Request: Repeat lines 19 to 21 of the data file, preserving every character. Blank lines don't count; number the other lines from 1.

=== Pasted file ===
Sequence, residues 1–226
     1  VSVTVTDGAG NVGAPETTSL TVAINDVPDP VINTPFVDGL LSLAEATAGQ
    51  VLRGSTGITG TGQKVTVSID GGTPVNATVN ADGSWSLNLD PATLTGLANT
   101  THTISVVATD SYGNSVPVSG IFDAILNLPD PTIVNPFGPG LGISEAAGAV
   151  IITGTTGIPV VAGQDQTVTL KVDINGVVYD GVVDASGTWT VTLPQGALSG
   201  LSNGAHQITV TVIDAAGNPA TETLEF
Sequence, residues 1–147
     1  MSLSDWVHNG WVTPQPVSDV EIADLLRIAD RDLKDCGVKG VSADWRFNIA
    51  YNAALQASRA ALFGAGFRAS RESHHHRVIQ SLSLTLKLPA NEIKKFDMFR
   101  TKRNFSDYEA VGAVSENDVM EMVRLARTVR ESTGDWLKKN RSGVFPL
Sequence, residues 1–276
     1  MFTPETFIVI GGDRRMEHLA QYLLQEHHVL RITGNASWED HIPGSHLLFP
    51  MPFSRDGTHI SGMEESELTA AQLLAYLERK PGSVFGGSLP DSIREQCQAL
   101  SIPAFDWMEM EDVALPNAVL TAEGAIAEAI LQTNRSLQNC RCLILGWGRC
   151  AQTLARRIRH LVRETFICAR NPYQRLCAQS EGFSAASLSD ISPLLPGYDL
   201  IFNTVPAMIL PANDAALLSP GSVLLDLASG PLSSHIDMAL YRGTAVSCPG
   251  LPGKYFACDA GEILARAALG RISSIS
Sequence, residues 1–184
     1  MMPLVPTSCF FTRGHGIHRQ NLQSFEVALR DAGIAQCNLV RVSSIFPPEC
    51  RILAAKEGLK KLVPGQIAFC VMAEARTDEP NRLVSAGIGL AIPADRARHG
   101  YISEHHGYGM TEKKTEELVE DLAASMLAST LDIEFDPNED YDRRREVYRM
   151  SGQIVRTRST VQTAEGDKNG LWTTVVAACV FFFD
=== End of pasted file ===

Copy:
     1  MMPLVPTSCF FTRGHGIHRQ NLQSFEVALR DAGIAQCNLV RVSSIFPPEC
    51  RILAAKEGLK KLVPGQIAFC VMAEARTDEP NRLVSAGIGL AIPADRARHG
   101  YISEHHGYGM TEKKTEELVE DLAASMLAST LDIEFDPNED YDRRREVYRM